War of the Rebellion: Serial 041 Page 0795 Chapter XXXVIII. CORRESPONDENCE, ETC.-UNION.

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security which Your Honor may see fit to require, that no pecuniary loss shall result to the court, and I would not for any less reason than an imperative public necessity even seem to be disrespectful to Your Honor or your court.

I deeply regret that the marshal of the district should have taken violent measures to interrupt the occupation of the steamer ordered by me thirty-six hours since, in a way which I supposed to be perfectly consistent with Your Honor's orders concerning her. His violent measures, adopted without first referring to me, compelled me to use prompt and efficient measures to insure the prompt relief of the commander of the department.

With the highest respect, I have the honor to be, Your Honor's most obedient servant,

CHAS. P. STONE,

Brigadier-General, and Chief of Staff.

NEW ORLEANS,

November 12, 1863.

RUFUS WAPLES, Esq.,

United States District Attorney:

SIR: I have just had the honor to receive your letter of this date, in reply to mine of even date to His Honor Judge Durell. As soon as the great pressure of business connected with transfer of troops and supplies to General Banks will permit, I will see that the requirements of His Honor are complied with. The violent measures adopted by the marshal, referred to in my letter, consisted in his going on board the steamer Alabama with a party of deputies, and suddenly arresting the work of preparations there in progress, and in his ordering all the military employees off the vessel, where they were busily at work, in pursuance of my orders. The action taken by the marshal will detain important re-enforcements to General Banks probably one day; when his proper object (the securing of the rights of the honorable court he represented) could have been obtained in a five minutes' interview with me in my office.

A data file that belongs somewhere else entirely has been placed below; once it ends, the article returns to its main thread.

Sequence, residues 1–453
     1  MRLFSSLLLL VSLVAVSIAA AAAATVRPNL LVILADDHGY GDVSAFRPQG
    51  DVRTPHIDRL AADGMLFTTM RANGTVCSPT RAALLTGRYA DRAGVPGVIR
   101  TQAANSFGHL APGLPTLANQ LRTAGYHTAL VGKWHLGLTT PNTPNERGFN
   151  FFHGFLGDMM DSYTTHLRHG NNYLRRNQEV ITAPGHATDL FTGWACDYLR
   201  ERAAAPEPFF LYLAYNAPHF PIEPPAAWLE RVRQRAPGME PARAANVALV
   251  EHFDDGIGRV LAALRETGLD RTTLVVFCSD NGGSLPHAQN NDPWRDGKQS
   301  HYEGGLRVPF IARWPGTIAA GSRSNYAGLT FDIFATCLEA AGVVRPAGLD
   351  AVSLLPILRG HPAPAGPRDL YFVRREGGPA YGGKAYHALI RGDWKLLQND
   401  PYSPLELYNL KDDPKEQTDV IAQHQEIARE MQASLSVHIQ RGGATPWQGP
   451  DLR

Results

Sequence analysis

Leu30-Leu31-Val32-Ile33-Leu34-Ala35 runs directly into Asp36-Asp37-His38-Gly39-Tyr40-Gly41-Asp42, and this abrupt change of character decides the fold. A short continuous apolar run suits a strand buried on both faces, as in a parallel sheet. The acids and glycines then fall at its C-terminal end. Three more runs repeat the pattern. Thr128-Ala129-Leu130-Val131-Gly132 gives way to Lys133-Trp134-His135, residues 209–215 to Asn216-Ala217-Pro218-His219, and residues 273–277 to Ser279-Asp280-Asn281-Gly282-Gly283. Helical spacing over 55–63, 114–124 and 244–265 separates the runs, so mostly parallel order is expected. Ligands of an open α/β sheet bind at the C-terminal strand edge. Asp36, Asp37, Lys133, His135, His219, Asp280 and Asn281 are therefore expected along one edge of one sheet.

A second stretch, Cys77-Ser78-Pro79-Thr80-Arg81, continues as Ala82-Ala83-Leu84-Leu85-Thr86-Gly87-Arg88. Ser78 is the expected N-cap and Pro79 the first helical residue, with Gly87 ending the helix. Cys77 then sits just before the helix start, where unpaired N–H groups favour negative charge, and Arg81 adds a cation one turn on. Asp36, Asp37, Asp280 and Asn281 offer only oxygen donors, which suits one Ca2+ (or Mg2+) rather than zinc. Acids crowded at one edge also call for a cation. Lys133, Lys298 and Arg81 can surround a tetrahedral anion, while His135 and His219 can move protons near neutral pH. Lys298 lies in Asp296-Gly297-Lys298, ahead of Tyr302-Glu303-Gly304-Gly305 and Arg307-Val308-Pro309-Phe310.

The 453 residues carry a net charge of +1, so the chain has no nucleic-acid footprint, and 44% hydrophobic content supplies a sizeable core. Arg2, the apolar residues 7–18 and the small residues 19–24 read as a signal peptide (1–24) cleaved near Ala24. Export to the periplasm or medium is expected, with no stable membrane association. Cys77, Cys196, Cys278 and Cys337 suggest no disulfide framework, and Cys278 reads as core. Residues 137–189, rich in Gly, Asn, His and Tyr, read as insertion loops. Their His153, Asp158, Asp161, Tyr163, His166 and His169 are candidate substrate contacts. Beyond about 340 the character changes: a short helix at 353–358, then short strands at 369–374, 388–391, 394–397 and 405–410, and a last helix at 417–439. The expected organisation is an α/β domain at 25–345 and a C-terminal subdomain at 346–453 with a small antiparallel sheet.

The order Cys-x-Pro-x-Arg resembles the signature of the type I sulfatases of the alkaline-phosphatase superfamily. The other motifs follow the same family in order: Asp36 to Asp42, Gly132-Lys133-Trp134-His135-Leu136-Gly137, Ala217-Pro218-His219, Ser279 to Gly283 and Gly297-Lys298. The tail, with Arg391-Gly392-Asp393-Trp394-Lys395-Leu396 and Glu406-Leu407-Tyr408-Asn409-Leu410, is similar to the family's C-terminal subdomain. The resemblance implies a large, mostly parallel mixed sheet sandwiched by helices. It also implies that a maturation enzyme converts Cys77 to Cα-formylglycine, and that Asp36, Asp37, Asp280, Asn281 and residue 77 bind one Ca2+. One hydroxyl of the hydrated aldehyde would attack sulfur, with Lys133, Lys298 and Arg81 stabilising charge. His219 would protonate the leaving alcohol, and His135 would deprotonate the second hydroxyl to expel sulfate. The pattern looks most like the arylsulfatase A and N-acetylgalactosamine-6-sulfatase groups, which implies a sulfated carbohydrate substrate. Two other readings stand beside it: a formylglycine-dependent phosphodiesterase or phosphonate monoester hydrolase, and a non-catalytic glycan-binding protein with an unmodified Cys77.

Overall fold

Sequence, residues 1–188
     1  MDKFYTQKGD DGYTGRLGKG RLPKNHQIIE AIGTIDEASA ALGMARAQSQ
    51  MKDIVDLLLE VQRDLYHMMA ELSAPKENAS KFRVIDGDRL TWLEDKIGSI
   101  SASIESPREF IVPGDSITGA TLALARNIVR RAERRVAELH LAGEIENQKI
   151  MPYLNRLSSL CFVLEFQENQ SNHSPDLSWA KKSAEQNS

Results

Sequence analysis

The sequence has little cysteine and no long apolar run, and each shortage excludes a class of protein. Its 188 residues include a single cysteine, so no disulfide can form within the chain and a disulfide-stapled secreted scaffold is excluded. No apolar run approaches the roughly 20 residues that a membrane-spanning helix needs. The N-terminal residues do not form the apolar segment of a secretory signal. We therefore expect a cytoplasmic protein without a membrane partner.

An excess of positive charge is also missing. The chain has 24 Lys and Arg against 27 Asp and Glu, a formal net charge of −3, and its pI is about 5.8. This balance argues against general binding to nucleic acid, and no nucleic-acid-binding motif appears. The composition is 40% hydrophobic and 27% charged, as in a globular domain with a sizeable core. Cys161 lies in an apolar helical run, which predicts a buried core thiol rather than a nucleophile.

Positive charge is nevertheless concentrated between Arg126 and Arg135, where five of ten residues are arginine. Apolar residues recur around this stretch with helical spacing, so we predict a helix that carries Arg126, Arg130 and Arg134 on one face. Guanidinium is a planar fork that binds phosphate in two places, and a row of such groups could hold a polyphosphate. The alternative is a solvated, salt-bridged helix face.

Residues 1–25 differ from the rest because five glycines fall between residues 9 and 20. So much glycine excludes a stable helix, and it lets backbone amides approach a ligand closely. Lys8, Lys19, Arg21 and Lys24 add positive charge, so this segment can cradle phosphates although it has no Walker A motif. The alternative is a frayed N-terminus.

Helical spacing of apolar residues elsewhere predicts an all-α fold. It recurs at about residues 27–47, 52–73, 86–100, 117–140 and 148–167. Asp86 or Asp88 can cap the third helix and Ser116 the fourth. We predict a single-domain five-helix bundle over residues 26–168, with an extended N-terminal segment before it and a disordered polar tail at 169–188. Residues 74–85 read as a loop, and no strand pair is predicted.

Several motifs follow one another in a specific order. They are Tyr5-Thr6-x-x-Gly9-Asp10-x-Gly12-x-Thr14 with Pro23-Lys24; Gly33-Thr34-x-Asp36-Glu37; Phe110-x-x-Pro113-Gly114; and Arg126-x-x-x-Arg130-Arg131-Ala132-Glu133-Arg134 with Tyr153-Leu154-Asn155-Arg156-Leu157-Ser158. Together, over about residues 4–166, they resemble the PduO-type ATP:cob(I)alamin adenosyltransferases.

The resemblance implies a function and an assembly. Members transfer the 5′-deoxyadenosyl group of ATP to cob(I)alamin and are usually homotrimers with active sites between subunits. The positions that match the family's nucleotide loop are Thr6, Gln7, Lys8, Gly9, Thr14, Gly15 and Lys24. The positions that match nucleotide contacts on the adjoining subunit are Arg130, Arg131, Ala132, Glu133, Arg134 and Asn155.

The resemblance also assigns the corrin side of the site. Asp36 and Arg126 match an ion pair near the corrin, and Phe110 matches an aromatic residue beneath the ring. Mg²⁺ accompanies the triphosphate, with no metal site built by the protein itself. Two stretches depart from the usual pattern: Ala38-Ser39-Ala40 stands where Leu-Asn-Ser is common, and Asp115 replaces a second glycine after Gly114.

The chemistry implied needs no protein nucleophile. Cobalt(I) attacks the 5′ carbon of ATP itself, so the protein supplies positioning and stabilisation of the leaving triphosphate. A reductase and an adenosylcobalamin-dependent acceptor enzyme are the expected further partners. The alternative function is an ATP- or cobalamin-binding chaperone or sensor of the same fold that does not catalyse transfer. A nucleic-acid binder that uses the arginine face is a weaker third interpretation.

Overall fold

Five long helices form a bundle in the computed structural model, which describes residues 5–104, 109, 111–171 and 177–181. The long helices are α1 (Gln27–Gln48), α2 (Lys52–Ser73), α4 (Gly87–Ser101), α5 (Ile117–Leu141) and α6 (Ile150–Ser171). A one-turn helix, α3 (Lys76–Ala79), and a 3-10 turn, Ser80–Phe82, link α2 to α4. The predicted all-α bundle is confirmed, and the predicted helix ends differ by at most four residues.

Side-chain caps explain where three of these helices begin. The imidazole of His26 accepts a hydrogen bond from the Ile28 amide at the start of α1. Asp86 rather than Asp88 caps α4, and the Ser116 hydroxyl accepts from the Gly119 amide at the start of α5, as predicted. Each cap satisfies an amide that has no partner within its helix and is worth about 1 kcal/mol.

I have the honor to be, sir, very respectfully, your most obedient servant,

CHAS. P. STONE,

Brigadier-General, and Chief of Staff.

NEW ORLEANS,

November 12, 1863.

Major General N. P. BANKS,

Commanding Department of the Gulf, in the Field:

(Care of Lieutenant-Colonel Chandler, Brashear.)

GENERAL: The steamer Alabama will sail to-night to join you, carrying a battery of artillery, men, horses, and extra ammunition.

Schooners with 80 extra artillery horses will start this evening, to be towed to you; 100 extra artillery horses have been sent to-day to Brashear, to be shipped thence to you. All quiet up the river. The enemy shows strong force in front of Franklin's troops, and there has been heavy skirmishing between Vermillion and Opelousas. General Franklin all right, but should not be weakened much at present.